Between 2007 and 2008, rumors and reports came out that U.S. Medicare coverage in the Philippines is possible. Generally, U.S. Medicare coverage is limited to all 50 states. Has Medicare gone portable at last? This article explores the truth behind the talks.
A Look Back
Sources estimate that out of the 4 million legally staying Filipinos in America in 2008, approximately 80 percent hold U.S. citizenship and a number are covered by Medicare.
Medicare is America’s federal health insurance program. It was first created in 1965 to benefit citizens aged 65 and older. In 1972, the program was revised, allowing younger people with Lou Gehrig’s disease, permanent disabilities and end-stage renal health complications to enroll.
Understanding the Structure
Medicare is a collective term that may include a number of plans:
- original Medicare that provides hospital insurance and medical insurance
- Medicare Advantage that provides both basic and extra healthcare services, as offered by private health maintenance organizations (HMOs) and
- prescription drug plans that may or may not be tied to a Medicare Advantage plan
Additionally, there are Medigap plans to supplement what original Medicare does not cover. They are offered by private insurance companies.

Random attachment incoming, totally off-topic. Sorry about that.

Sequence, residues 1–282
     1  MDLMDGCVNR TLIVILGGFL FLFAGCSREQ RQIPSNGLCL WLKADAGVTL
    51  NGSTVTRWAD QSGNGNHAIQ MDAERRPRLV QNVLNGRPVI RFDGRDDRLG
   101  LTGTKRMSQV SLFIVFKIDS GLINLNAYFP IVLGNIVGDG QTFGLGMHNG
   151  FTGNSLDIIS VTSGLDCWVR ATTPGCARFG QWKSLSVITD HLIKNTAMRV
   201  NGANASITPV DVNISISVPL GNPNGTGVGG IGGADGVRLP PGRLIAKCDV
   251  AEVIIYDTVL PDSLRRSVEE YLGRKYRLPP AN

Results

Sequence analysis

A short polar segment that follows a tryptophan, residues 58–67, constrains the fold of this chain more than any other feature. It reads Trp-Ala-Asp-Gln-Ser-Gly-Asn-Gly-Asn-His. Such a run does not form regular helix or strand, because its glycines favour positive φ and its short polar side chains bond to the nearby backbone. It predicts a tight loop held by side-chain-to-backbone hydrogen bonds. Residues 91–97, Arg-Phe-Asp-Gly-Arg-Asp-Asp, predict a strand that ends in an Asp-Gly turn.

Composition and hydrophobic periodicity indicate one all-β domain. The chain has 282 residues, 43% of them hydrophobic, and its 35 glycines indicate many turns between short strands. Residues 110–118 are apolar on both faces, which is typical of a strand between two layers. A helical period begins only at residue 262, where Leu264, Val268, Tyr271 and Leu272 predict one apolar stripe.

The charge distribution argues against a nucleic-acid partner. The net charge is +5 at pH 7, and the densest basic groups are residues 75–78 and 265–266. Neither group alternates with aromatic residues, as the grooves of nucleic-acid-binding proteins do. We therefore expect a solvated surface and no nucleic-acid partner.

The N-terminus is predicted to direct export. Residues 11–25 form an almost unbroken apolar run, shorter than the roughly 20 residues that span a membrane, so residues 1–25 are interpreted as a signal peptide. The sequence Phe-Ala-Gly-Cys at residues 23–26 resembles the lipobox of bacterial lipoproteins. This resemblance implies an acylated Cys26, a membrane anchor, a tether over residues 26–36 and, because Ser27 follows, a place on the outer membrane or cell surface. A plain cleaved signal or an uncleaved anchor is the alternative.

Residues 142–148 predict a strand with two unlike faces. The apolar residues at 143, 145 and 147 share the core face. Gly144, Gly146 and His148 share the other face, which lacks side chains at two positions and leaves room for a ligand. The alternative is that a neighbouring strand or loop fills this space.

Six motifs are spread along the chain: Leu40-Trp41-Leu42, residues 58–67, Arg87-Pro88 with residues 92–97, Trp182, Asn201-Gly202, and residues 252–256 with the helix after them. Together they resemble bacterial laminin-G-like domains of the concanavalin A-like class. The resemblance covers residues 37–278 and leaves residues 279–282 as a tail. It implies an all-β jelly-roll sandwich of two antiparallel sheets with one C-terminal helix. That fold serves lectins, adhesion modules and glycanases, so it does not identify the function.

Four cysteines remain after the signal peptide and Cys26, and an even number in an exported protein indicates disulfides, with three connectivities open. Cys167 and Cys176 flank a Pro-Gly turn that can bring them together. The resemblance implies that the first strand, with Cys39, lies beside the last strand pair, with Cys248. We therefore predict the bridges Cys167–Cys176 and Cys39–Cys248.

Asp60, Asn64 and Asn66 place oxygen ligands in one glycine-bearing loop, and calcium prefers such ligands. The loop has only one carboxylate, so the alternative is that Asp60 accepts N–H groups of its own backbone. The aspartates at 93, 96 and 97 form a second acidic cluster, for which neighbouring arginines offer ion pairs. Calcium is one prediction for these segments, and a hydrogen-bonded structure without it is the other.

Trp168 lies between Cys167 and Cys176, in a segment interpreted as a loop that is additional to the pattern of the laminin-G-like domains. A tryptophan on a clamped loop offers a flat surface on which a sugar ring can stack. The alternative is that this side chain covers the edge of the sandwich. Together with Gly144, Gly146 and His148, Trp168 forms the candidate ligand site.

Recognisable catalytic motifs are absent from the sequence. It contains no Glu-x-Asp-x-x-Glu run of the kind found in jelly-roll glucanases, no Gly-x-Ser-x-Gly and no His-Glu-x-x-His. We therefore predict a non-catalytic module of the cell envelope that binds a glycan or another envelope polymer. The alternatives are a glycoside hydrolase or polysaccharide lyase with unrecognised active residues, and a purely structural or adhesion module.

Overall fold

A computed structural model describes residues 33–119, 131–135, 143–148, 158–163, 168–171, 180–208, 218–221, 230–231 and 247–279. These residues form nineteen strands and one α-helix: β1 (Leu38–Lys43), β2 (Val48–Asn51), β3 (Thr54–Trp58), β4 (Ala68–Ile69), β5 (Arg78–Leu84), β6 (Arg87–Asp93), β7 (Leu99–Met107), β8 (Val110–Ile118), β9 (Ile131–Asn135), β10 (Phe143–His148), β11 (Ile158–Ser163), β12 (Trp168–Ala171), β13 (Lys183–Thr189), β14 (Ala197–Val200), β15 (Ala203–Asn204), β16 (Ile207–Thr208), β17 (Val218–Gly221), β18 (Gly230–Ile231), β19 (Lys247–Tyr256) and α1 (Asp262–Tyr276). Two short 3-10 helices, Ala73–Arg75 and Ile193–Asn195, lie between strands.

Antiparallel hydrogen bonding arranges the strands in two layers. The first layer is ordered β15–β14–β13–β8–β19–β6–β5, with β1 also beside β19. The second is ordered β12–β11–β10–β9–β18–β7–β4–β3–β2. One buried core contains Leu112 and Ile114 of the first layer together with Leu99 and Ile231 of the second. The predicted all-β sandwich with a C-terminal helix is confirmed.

The current policies are lettered C to J. However, in a fact sheet released by the Department of Health and Human Services of the U.S., new Medigap plans M and N will replace plans H, I, E and J starting June 1 of this year.
Off-Shore Medicare Coverage in Theory
Under the original plan, the circumstances that allow Medicare portability are limited. Coverage outside America is permitted whenever a foreign hospital is nearer than any other hospital on American soil. In rare emergency cases, those traveling “without unreasonable delay” through Canada may also avail of off-shore coverage – provided again that the Canadian hospital is much closer than an American hospital.
In March 2010, the Department of Foreign Affairs of the Philippines confirmed that under the original Medicare plan:
“… Residents of Guam and Saipan… are allowed to seek medical treatment… on emergency cases, availing of their Medicare benefits in Philippine medical facilities, due to the proximity of the Philippines vis-a-vis Hawaii, the nearest US state.”
This development is credited to the efforts of Madeleine Bordallo, congresswoman of Guam, and of Roberto Romulo, former Department of Foreign Affairs secretary, who lobbied that Philippine hospitals be allowed to issue Medicare reimbursements.
Off-Shore Medicare Coverage in Practice
My Philippine Retirement made a round of phone calls to check whether hospitals in the Philippines have already reimbursed Medicare benefits under the original plan. There were no recorded cases yet, the staff said. In fact, majority of the hospitals appeared to be unaware of “U.S. Medicare.”
They did supply the following list of honored international health insurance plans, some of which have tie-ups with Medicare Advantage plans:
LIST A.International Health Insurances Honored in Selected Luzon-Based Philippine Hospitals as of March 2010
- (Allianz) Worldwide Care – Asian Hospital